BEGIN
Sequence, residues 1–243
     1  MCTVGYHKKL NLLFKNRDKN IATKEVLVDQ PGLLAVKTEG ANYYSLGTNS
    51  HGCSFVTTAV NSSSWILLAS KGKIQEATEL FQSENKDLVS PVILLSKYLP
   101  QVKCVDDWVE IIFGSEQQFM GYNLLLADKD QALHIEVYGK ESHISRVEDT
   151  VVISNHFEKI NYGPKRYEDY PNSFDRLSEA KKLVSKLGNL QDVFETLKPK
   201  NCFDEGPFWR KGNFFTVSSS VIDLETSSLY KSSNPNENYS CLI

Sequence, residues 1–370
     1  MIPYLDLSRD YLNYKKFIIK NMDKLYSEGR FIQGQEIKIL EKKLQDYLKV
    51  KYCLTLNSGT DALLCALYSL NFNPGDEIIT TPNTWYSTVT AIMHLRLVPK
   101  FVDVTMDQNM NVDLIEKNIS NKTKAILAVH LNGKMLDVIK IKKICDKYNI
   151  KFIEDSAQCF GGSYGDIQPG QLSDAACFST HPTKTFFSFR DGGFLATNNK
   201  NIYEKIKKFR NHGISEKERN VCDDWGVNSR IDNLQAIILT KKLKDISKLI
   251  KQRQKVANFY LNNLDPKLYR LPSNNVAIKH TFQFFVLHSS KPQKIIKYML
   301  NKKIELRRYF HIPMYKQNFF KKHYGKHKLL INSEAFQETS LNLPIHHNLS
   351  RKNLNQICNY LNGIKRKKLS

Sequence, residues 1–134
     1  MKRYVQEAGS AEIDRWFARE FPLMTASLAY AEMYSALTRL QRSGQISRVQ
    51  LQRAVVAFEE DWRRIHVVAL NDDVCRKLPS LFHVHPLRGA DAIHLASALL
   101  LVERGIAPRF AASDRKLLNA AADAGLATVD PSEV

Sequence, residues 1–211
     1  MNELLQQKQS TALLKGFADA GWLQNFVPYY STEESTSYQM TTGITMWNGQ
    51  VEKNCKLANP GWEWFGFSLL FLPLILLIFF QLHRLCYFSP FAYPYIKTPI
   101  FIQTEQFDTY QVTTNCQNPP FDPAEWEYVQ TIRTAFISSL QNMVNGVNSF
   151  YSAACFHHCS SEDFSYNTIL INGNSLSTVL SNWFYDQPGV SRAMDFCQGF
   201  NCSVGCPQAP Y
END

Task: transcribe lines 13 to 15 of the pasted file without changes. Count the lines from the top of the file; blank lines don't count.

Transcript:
   251  KQRQKVANFY LNNLDPKLYR LPSNNVAIKH TFQFFVLHSS KPQKIIKYML
   301  NKKIELRRYF HIPMYKQNFF KKHYGKHKLL INSEAFQETS LNLPIHHNLS
   351  RKNLNQICNY LNGIKRKKLS